Project description:Alzheimer's disease (AD) is a terminal age-associated dementia characterized by early synaptic dysfunction and late neurodegeneration. Although the presence of plaques of fibrillar aggregates of the amyloid beta peptide (Abeta) is a signature of AD, evidence suggests that the preplaque small oligomeric Abeta promotes both synaptic dysfunction and neuronal death. We found that young Tg2576 transgenic mice, which accumulate Abeta and develop cognitive impairments prior to plaque deposition, have high central nervous system (CNS) activity of calcineurin (CaN), a phosphatase involved in negative regulation of memory function via inactivation of the transcription factor cAMP responsive element binding proteins (CREB), and display CaN-dependent memory deficits. These results thus suggested the involvement of prefibrillary forms of Abeta. To investigate this issue, we compared the effect of monomeric, oligomeric, and fibrillar Abeta on CaN activity, CaN-dependent pCREB and phosphorylated Bcl-2 Associated death Protein (pBAD) levels, and cell death in SY5Y cells and in rat brain slices, and determined the role of CaN on CREB phosphorylation in the CNS of Tg2576 mice. Our results show that oligomeric Abeta specifically induces CaN activity and promotes CaN-dependent CREB and Bcl-2 Asociated death Protein (BAD) dephosphorylation and cell death. Furthermore, Tg2576 mice display Abeta oligomers and reduced pCREB in the CNS, which is normalized by CaN inhibition. These findings suggest a role for CaN in mediating effects of oligomeric Abeta on neural cells. Because elevated CaN levels have been reported in the CNS of cognitively impaired aged rodents, our results further suggest that abnormal CaN hyperactivity may be a common event exacerbating the cognitive and neurodegenerative impact of oligomeric Abeta in the aging CNS.
Project description:Proinflammatory stimuli, after amyloid beta (Abeta) deposition, have been hypothesized to create a self-reinforcing positive feedback loop that increases amyloidogenic processing of the Abeta precursor protein (APP), promoting further Abeta accumulation and neuroinflammation in Alzheimer's disease (AD). Interleukin-6 (IL-6), a proinflammatory cytokine, has been shown to be increased in AD patients implying a pathological interaction. To assess the effects of IL-6 on Abeta deposition and APP processing in vivo, we overexpressed murine IL-6 (mIL-6) in the brains of APP transgenic TgCRND8 and TG2576 mice. mIL-6 expression resulted in extensive gliosis and concurrently attenuated Abeta deposition in TgCRND8 mouse brains. This was accompanied by up-regulation of glial phagocytic markers in vivo and resulted in enhanced microglia-mediated phagocytosis of Abeta aggregates in vitro. Further, mIL-6-induced neuroinflammation had no effect on APP processing in TgCRND8 and had no effect on APP processing or steady-state levels of Abeta in young Tg2576 mice. These results indicate that mIL-6-mediated reactive gliosis may be beneficial early in the disease process by potentially enhancing Abeta plaque clearance rather than mediating a neurotoxic feedback loop that exacerbates amyloid pathology. This is the first study that methodically dissects the contribution of mIL-6 with regard to its potential role in modulating Abeta deposition in vivo.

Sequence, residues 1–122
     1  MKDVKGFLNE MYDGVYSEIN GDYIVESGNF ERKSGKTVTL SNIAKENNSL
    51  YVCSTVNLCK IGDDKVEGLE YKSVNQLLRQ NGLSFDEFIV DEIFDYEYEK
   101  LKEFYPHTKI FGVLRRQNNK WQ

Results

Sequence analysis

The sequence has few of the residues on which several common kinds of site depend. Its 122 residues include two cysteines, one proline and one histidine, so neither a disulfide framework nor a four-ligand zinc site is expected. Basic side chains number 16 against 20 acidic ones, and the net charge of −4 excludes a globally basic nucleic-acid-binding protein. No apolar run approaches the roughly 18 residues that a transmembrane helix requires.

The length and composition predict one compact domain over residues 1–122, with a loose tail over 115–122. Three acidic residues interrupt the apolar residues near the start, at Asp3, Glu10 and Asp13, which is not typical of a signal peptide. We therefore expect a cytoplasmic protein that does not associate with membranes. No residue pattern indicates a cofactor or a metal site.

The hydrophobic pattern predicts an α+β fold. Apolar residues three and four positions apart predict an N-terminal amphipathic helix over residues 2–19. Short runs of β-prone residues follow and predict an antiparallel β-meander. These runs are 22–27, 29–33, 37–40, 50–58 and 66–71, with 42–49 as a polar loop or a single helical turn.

Project description:The linkages between neuroinflammation and Alzheimer's disease (AD) pathogenesis are well established. What is not, however, is how specific immune pathways and proteins affect the disease. To this end, we previously demonstrated that transgenic over-expression of CCL2 enhanced microgliosis and induced diffuse amyloid plaque deposition in Tg2576 mice. This rodent model of AD expresses a Swedish beta-amyloid (Abeta) precursor protein mutant.We now report that CCL2 transgene expression accelerates deficits in spatial and working memory and hippocampal synaptic transmission in beta-amyloid precursor protein (APP) mice as early as 2-3 months of age. This is followed by increased numbers of microglia that are seen surrounding Abeta oligomers. CCL2 does not suppress Abeta degradation. Rather, CCL2 and tumor necrosis factor-alpha directly facilitated Abeta uptake, intracellular Abeta oligomerization, and protein secretion.We posit that CCL2 facilitates Abeta oligomer formation in microglia and propose that such events accelerate memory dysfunction by affecting Abeta seeding in the brain.